Article from MHQ: The Quarterly Journal of Military History



General Andrew Jackson: Old Hickory's Finest Hour


British gunners now turned their attention to the merchant ship Louisiana, a mile up the river. She had been equipped with twenty-four-pounders manned by a crew impressed from the hundreds of idle seamen on the New Orleans waterfront. Ignoring the whizzing hot shot, Louisiana's crew used their longboat and cables on shore to haul their ship up the river and out of range.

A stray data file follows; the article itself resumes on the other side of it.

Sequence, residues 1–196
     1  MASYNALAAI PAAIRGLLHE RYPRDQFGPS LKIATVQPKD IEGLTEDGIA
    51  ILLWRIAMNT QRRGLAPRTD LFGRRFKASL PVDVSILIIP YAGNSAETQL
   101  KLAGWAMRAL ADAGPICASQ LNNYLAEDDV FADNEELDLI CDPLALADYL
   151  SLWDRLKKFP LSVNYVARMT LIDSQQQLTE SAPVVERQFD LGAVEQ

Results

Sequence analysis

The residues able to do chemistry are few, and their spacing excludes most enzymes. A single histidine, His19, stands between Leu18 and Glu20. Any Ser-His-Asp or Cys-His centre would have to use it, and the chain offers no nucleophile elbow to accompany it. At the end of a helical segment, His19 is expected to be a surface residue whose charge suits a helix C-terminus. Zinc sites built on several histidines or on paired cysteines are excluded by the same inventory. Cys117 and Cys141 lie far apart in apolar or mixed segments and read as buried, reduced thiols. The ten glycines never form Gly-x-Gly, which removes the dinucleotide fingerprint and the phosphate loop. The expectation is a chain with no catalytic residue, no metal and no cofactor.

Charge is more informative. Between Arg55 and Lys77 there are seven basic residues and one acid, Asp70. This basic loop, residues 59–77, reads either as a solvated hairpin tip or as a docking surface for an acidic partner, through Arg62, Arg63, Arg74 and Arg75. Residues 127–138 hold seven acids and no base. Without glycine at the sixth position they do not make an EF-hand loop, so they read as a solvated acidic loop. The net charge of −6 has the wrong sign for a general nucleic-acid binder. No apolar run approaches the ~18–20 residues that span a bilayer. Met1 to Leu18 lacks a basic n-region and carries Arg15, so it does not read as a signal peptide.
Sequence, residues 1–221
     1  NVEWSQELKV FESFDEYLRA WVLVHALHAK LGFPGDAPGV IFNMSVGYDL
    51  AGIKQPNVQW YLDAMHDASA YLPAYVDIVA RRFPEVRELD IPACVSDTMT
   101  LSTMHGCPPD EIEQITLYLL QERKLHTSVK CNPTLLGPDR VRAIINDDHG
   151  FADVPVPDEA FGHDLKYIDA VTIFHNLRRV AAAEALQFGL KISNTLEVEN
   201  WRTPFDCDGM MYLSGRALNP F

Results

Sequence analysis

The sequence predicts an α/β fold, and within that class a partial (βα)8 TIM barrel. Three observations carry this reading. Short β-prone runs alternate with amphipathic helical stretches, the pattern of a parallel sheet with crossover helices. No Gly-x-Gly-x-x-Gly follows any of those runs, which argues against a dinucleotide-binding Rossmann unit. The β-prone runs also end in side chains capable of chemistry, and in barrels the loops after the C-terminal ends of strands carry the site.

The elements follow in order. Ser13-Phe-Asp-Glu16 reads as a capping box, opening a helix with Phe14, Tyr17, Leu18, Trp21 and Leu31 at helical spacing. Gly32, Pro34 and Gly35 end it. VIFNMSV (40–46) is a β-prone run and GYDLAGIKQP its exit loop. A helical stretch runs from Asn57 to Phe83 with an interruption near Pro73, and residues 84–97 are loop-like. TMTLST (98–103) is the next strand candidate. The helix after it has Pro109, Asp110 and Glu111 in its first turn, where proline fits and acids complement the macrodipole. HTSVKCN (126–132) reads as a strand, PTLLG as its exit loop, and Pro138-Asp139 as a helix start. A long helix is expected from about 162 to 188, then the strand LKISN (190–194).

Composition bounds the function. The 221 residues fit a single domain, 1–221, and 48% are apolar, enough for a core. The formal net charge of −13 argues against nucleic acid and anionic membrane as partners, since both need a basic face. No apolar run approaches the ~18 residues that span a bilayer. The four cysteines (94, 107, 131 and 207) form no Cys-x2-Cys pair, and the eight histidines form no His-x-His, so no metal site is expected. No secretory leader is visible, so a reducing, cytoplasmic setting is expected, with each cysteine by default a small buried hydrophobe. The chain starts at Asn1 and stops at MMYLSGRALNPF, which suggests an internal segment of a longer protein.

Satisfied, Pakenham ordered the army to launch an assault across the plain of Chalmette the following day. He knew another twenty-seven hundred men under Maj. Gen. John Lambert would soon arrive to reinforce him. But he was also driven by the knowledge that the fleet could not feed his men for long, and they could not survive on the meager pickings from the nearby plantations. He was confident that his artillery could shatter Jackson's mud earthwork, exposing the "dirty-shirts" (his troops' name for Jackson's Tennesseans) to British bayonets.


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